Years ago, God put it on the hearts of my wife and me that I should attend Bible college. We didn’t fully know why or how, but we trusted that He had a plan. Our problem was that we were in a tough financial condition. We were literally praying for food to feed our family week by week. Then the due date for the payment of the tuition fees arrived, and we didn’t have a penny to put toward the cost.
Rather than use the closing “Faithfully yours,” many Ugandans end their correspondence with “Faith full,” followed by their name. Each time I’m the recipient of a letter with that closing (which is often in a country where many people still communicate with pen and paper), I ponder what it truly looks like to be “faith full”—to have a heart that brims with confidence in the Lord.
This isn’t an easy post for me to write. It means reflecting on some of the darkest evil plaguing our world today: terrorism. But a recent encounter allowed me to see more clearly the power of God’s sustaining Word—even amidst terror caused by evil actions.
In a recent email, a woman named Renee told me how she and her husband had unsuccessfully spent years trying to start a family. After numerous rounds of in vitro fertilization treatment and several years waiting to adopt, they were exhausted from the ordeal and considering bringing the journey to an end. Knowing that my wife and I had walked a similar path, Renee asked a question. “How do you give up on a dream of parenthood without regretting what might have been?”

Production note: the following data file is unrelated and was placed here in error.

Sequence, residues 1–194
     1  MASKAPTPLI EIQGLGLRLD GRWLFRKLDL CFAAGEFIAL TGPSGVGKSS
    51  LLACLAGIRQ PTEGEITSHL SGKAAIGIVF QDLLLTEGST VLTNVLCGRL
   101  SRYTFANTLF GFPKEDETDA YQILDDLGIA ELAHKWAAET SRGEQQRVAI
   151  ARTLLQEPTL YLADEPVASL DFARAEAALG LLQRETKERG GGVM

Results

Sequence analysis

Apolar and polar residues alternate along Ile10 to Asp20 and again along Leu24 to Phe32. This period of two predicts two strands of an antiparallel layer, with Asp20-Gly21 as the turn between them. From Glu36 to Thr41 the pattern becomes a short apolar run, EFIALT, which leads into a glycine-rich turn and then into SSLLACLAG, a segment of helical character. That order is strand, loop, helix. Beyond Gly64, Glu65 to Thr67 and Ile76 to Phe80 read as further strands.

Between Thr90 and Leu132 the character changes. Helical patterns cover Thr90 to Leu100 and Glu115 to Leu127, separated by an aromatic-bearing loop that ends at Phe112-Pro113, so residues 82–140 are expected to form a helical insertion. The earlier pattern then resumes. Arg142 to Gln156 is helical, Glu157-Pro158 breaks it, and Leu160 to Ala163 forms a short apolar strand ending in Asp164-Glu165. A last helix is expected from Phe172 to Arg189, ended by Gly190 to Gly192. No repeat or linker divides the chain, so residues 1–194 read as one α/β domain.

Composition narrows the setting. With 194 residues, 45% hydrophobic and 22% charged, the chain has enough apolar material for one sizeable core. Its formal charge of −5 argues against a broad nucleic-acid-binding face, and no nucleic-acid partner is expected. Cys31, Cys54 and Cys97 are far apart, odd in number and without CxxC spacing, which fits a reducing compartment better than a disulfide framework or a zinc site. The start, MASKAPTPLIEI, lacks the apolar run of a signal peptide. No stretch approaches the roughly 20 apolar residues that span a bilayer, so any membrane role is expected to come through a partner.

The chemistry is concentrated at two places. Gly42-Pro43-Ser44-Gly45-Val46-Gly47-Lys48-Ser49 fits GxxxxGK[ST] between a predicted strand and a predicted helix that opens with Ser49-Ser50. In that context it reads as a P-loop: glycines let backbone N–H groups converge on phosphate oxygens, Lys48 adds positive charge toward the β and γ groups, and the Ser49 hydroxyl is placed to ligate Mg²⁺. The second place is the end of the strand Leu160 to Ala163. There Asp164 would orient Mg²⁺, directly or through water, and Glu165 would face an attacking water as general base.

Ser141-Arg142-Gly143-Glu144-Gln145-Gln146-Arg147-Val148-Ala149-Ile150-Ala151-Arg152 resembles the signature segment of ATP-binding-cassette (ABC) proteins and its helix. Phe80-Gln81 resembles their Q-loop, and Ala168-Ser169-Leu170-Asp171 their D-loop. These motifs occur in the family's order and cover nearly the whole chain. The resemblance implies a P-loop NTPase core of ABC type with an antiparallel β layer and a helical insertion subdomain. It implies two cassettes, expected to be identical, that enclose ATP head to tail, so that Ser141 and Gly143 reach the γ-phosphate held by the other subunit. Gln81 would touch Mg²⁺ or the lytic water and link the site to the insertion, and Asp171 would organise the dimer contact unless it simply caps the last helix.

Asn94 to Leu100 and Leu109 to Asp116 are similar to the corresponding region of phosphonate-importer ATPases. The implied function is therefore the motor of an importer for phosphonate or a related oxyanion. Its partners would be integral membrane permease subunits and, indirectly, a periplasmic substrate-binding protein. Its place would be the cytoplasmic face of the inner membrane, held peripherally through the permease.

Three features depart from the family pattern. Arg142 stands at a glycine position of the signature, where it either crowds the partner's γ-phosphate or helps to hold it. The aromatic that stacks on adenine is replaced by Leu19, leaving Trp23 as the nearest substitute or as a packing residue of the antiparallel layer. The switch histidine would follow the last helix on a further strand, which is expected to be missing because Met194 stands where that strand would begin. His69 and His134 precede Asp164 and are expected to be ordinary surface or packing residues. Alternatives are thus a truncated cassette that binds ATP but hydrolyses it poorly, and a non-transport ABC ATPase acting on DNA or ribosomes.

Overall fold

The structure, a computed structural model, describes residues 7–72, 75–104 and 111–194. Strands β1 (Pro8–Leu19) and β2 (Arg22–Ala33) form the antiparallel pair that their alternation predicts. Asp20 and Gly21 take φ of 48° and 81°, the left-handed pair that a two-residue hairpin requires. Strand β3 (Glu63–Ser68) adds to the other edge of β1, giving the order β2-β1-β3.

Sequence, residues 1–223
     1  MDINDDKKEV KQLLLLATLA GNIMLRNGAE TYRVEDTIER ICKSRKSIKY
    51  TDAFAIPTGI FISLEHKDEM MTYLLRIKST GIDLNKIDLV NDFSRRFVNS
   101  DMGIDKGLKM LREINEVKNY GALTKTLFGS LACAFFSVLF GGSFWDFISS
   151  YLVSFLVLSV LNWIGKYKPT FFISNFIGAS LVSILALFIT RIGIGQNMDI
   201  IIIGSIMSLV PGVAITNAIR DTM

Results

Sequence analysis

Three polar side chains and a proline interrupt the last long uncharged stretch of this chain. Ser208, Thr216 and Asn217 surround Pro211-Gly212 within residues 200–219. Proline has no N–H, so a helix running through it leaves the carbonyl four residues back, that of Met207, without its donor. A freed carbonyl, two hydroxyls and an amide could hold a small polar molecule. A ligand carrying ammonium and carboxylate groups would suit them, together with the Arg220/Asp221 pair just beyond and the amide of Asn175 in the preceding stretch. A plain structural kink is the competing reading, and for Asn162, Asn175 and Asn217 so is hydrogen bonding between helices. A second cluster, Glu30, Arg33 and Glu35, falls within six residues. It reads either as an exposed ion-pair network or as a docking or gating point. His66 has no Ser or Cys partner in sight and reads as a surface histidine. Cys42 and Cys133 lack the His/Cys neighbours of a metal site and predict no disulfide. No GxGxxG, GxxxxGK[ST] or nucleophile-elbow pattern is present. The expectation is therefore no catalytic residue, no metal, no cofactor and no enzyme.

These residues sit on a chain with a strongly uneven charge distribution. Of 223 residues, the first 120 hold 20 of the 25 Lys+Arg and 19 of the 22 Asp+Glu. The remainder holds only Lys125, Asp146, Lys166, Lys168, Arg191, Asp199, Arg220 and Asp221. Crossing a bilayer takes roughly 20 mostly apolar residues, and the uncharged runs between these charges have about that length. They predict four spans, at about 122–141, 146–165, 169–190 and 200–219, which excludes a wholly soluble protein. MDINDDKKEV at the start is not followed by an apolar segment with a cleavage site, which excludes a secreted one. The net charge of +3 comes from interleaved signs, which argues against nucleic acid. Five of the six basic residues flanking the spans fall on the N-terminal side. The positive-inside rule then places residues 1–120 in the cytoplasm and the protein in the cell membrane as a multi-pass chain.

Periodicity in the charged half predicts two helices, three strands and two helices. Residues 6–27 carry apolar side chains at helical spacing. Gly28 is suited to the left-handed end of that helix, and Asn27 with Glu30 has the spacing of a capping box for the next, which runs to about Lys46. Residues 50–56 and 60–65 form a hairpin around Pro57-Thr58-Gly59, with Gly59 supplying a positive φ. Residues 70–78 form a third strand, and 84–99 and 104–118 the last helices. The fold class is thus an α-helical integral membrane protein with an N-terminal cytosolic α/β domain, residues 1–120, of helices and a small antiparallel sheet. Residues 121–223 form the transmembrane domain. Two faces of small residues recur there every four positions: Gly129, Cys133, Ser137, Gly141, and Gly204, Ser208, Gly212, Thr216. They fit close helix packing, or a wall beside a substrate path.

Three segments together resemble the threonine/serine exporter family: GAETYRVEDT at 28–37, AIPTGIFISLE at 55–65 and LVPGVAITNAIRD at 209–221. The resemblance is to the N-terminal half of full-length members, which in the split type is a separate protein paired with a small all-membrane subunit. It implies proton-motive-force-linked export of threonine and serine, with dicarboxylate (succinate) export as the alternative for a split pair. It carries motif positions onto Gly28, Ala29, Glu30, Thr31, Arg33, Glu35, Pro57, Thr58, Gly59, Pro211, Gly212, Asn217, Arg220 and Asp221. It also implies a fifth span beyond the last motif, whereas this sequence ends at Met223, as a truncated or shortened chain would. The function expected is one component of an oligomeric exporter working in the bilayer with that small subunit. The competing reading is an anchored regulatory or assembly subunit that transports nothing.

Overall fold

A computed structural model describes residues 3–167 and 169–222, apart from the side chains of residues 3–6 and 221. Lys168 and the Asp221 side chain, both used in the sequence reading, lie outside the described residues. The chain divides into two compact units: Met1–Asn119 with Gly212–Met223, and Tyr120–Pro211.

My vitamins come in three fruity flavors. Fortunately, someone designed them to look and taste more like candy than health aids. The contents include stuff like vitamin B-6, niacin, and folic acid. Each serving contains enough supplements to last for one day. Every morning I have to consume another dose because my body has been busy using up yesterday’s vitamin supply.
There are times when the very foundation of our life feels as if it’s shaking. That dreaded phone call in the night. That difficult news from the doctor. That heart-rending decision by a friend or family member. All of these things and more can cause us to agonize inside and tremble outside.